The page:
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Industrial Fabric Covered Buildings




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Waste Tron, Inc.

Fabric Covered Buildings - Ideal Waste Buildings for Soil Remediation


Waste Tron, Inc.

A 72' by 300' fabric arch building has proved to be an integral part of WTI's remediation processes.


Location: Point Pleasant, West Virginia
Building Size: 72' wide by 300' long Waste Fabric Covered Building
Application: Waste Management - Soil  Remediation


"By composting the soil and letting natures 'bugs' do the work, the project is proving to be time-effective and cost-effective," says Ryan Wheeler, WasteTron, spokesperson. They identified hot pockets of contaminated soil on the site, and transported it to the fabric building composting area. The soil is placed in windrows, straw and chicken manure are added and then the windrows are turned daily by a large compost machine.


For a company that provides full-scale environmental solutions for hazardous waste projects, Waste Tron, Inc. is accustomed to using innovative products in its processes. A 72' x 300' fabric building has proved to be an integral part  of their remediation processes for a site formally used to manufacture dynamite during World War II.
In 2001, Waste Tron,  Inc. was contracted by the Huntington District U.S. Army Corps of Engineers to remediate the contaminated site to a habitable state. Plans included cleaning the site through a composting process to stabilize the soil to a safe and usable resource.
"Rather than the traditional methods such as capping the contaminated areas. or sending the soil for incineration. our client decided to try a pilot program using bio-remediation.
The microbial action that occurs during composting reduces the contamination significantly.

"There is a very fine line of how much moisture needs to be present in the soil for the bio­remediation to work. The fabric buildings have been a help in that regard by keeping the weather elements at bay for us," Wheeler said.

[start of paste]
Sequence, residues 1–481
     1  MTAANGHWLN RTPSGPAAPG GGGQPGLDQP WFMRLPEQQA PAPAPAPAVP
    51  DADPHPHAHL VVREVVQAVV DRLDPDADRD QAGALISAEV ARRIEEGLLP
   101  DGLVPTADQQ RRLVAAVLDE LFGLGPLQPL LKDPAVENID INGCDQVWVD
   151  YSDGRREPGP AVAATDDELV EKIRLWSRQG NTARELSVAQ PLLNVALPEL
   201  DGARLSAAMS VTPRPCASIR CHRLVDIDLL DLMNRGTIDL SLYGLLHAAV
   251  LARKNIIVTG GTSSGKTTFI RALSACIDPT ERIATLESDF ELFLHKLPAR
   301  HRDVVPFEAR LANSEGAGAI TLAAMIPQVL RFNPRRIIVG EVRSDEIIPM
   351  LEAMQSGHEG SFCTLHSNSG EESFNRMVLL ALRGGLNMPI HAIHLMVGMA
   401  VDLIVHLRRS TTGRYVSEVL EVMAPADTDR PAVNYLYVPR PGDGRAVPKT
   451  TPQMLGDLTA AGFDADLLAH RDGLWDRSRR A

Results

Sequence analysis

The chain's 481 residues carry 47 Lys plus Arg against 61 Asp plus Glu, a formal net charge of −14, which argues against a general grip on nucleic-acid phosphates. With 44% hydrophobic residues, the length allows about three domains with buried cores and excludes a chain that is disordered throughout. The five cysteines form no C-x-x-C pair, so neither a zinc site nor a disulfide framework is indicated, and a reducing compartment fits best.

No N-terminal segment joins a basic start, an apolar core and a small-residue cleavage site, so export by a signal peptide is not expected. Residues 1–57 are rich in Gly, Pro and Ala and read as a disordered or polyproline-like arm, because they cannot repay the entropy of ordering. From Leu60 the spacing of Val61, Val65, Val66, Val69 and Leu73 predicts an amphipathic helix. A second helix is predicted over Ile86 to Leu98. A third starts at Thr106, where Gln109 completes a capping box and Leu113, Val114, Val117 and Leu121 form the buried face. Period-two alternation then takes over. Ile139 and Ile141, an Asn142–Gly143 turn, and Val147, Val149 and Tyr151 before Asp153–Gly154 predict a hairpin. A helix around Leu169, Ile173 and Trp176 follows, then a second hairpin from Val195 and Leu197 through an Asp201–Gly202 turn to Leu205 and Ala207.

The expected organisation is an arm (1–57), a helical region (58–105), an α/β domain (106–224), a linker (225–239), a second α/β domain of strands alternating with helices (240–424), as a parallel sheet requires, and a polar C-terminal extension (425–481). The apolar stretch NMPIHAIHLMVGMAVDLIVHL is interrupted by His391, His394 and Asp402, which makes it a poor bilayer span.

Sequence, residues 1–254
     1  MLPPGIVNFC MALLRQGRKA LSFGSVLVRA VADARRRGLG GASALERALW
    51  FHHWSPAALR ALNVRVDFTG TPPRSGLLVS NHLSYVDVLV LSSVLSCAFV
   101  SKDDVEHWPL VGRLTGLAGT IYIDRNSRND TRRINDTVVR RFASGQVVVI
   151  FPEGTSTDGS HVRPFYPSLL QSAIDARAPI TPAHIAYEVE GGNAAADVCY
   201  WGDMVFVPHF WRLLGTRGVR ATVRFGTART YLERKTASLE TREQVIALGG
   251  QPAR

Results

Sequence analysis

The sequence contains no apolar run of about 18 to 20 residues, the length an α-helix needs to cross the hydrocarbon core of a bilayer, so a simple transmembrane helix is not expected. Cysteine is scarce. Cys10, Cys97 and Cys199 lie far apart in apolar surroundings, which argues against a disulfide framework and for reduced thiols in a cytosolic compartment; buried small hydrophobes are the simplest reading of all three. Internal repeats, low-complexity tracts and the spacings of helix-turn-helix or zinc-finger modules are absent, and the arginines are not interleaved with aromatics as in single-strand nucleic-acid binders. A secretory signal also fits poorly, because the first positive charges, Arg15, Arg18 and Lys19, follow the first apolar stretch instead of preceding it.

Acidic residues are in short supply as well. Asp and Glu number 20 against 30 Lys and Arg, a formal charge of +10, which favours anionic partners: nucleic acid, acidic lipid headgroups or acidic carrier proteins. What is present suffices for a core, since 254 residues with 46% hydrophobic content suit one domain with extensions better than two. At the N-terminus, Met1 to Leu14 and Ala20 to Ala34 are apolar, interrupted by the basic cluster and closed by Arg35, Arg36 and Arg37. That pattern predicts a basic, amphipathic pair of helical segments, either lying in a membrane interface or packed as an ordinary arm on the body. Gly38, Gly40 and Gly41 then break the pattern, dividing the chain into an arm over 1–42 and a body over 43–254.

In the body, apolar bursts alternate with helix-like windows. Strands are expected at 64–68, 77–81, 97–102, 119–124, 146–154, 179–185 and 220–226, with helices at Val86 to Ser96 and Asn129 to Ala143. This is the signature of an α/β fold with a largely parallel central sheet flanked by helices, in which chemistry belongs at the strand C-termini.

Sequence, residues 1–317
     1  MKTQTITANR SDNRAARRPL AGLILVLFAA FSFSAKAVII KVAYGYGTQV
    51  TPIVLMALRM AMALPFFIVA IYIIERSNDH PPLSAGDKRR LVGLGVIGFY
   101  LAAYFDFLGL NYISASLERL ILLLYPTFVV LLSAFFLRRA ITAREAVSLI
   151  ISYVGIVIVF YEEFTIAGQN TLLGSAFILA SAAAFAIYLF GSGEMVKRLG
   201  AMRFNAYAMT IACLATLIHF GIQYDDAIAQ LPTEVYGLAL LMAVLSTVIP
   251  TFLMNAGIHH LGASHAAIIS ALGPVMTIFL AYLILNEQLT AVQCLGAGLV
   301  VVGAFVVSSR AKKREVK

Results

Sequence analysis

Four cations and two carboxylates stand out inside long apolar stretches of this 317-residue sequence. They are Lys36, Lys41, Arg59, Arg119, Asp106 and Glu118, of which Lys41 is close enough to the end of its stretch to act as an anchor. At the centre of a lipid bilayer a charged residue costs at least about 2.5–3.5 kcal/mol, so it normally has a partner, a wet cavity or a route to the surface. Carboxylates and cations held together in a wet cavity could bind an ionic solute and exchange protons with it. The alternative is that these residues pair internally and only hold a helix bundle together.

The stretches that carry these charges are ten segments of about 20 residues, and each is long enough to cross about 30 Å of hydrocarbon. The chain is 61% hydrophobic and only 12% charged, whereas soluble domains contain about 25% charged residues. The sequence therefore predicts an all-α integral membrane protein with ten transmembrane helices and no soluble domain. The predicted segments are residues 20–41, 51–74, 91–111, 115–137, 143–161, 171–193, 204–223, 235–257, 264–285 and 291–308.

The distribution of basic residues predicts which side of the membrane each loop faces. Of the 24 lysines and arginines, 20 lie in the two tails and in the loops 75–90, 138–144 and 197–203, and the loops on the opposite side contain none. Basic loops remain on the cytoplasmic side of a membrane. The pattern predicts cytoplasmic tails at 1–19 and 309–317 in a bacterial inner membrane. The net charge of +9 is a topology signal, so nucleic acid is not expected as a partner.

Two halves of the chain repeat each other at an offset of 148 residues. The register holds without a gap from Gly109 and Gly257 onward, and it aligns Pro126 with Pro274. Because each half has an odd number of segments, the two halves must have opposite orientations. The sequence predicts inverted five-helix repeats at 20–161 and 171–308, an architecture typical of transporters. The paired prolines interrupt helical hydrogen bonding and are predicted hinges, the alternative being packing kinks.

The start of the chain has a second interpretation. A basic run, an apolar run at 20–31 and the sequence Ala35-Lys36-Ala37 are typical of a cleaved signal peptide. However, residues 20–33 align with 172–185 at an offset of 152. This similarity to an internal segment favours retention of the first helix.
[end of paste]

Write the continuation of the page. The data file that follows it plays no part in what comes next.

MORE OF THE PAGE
A  4" center  ridge-vent  in the ceiling of the fabric buildings runs the length  of the arch building,  which allows condensation to exhaust, and large fans were installed at each end of the building for proper ventilation. An 18' x 18' door was installed on one end of the fabric building so large machinery can access it.
"The free-span space allows ample room for workers, the windrow turner and other machinery," he said. "As well, the fabric cover is not affected by the corrosive gases so it will never rust."


Although there are still several months left in the project. Waste Tron,  Inc. is happy with the initial results. "The results we are getting right now are great ... the composting process is working,"  Wheeler said.

When this project is complete, Waste Tron, Inc. plans to disassemble the waste building and move it to other locations for several applications.

Building Highlights
• A 4" center ridge-vent in the ceiling runs the length of the Arch building, which allows for condensation to exhaust.
• Large fans were installed at each end of the building for proper ventilation.
• An 18' x 18' door was installed on one end of the building so large machinery can access the building.


Waste Tron, Inc. 1

Hot pockets of contaminated soil are identified

and transported to the fabric building for composting.


Waste Tron, Inc. 2

The contaminated soil is placed in windrows and

amendments such as straw and chicken manure are

added, then turned daily by a large compost machine.


Waste Tron, Inc. 3

The results are very positive.


Waste Tron, Inc. 4

The fabric building will be relocated to other

sites once the job is complete.



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